Quick question: What was the first thing that came to mind when you learned that Joaquin Guzman, aka El Chapo, drug lord and leader of the Sinaloa Cartel was arrested last month?
If you answered that he should have gotten Gestalt therapy, you are thinking like a Mexican therapist.
For people who believe that art is life, El Chapo, that is, Shorty Guzman, should have done as Tony Soprano did and gotten therapy from his own Dr. Jennifer Melfi.
The Daily Beast has dug into his case Guzman and has discovered that the world’s leading drug trafficker underwent therapy during his last incarceration in 2001.
Then, a group of highly credentialed professional psychiatrists evaluated Shorty and prescribed Gestalt therapy. Shorty completed 63 therapy sessions before he escaped from prison.
Imagine how bad he would have been if he did not have the benefit of therapy.
Michael Daly of the Daily Beast has read through the case files and has reported on them fairly. Reading through his story one is struck by the fact that this highly scientific case report sounds like it was written by astrologers.
That is, it could apply to just about anyone. It tells us nothing. It explains nothing.
Apparently, the forensic team observed that Shorty has a lot of self-confidence. The team described him as:
“egocentric and narcissistic, with a grandiose feeling of his own importance, giving him expectations of special treatment….
During his time in prison Shorty developed adequate relationships with the ruling authorities. Do I need to tell you that imprisoned Mexican drug lords receive extra special treatment?
The most immediate authority figures in his life at that point were the prison guards, and he reportedly sought a more than adequate relationship with them via suitcases stuffed with cash. That facilitated food to equal what he could have enjoyed on the outside as well as regular trysts with a female inmate.
In fact, Shorty did not have such a bad time of it in prison. Daly offers what is sure to become a classical analysis:
The combination of noshing, nookie and normalcy seem to have made El Chapo content enough that he did not even attempt escape from prison for years.
Of course, the psychologists do not limit themselves to a superficial analysis of a known drug lord and, it is fair to say, criminal psychopath.
They probed deeper and discovered that Shorty’s bluster was: “a reactive formation, counter reacting to his true personality.”
In truth, Shorty was: “introverted and with a tendency to be needy.”
Needy and vulnerable… you could have fooled his victims.
If you had dared think that he was insensitive, you will be happy to learn that he was “sensitive to criticism.”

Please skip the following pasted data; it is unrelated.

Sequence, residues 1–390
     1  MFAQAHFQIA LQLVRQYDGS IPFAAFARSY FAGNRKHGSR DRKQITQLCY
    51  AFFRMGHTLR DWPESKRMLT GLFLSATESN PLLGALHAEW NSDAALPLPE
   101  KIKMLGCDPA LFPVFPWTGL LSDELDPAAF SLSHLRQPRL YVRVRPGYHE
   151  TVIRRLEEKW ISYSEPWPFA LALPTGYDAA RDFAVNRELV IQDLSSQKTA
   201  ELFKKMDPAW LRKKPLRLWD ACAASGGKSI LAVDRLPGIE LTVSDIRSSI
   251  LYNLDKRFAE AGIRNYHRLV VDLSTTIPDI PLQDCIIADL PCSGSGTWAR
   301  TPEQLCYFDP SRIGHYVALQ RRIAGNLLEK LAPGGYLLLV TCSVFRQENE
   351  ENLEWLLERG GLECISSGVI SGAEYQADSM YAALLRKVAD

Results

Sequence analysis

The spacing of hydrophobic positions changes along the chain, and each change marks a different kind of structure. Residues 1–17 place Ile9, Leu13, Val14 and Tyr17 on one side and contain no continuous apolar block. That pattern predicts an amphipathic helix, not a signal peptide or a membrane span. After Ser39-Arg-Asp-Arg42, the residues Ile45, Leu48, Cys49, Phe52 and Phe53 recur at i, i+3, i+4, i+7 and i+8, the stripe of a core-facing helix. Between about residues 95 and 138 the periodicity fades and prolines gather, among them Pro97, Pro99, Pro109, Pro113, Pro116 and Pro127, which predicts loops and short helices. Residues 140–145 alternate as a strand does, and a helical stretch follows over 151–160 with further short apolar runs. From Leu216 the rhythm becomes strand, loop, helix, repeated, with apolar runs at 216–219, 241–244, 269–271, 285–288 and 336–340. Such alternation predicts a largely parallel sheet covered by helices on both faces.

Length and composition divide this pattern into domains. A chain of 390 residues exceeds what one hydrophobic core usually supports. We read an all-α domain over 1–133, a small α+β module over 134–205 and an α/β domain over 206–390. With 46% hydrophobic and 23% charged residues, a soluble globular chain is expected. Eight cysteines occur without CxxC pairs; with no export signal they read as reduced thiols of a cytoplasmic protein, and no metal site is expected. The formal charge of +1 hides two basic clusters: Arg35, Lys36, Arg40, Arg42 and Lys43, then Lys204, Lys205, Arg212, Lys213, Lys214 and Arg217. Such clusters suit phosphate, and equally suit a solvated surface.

We also learn that he manifested:
… egodystonic aggression subject to the mechanism of denial, according to/depending on the surrounding conditions.
For our edification, Daly defines the terms:
Egodystonic in this context means that, along with being touchy, El Chapo had aggressive thoughts and urges that he realized are unreasonable and run contrary to his ideal image of himself, though in certain circumstances he was able to rationalize it all.
You see, he didn’t want to run all of those drugs and he certainly did not want to murder all of those people. He really had a much more saintly vision of himself and was suffering because his behavior did not correspond to his image.
The report suggests that in countering his fears and his desire to cloak his true self perhaps from even himself, El Chapo was driven by “feelings of ambition and the need to maintain an acceptable appearance in interpersonal relationships, being expansive in his manner of interacting and behaving as a leader.”
If you thought of him as a heartless psychopath, you need more training. The Mexican forensic psychiatrists decided that he didn’t really want to do it. To their minds, he was susceptible to therapy.
The report also says that Shorty suffered from certain well-defined fears. You may call them a phobia—I wouldn’t—but they were, the Daily Beast explains, entirely reasonable. After all, “at various times Shorty:
… had everybody from the DEA to the FBI to the CIA to the Mexican military after him, not to mention literally thousands of murderous enemies in rival cartels.
As the old saying goes, even paranoiacs have enemies.
The report concluded that Shorty was “anti-social” but that he might respond to Gestalt treatment with a “humanistic focus.”
I’m sure that’s just what you were thinking, too.
Some believed that Shorty had made some progress, but the report offered a more qualified appraisal:
Frequently/commonly he is interested in aspects related to power, success, and physical beauty, orienting his behavior toward their obtention....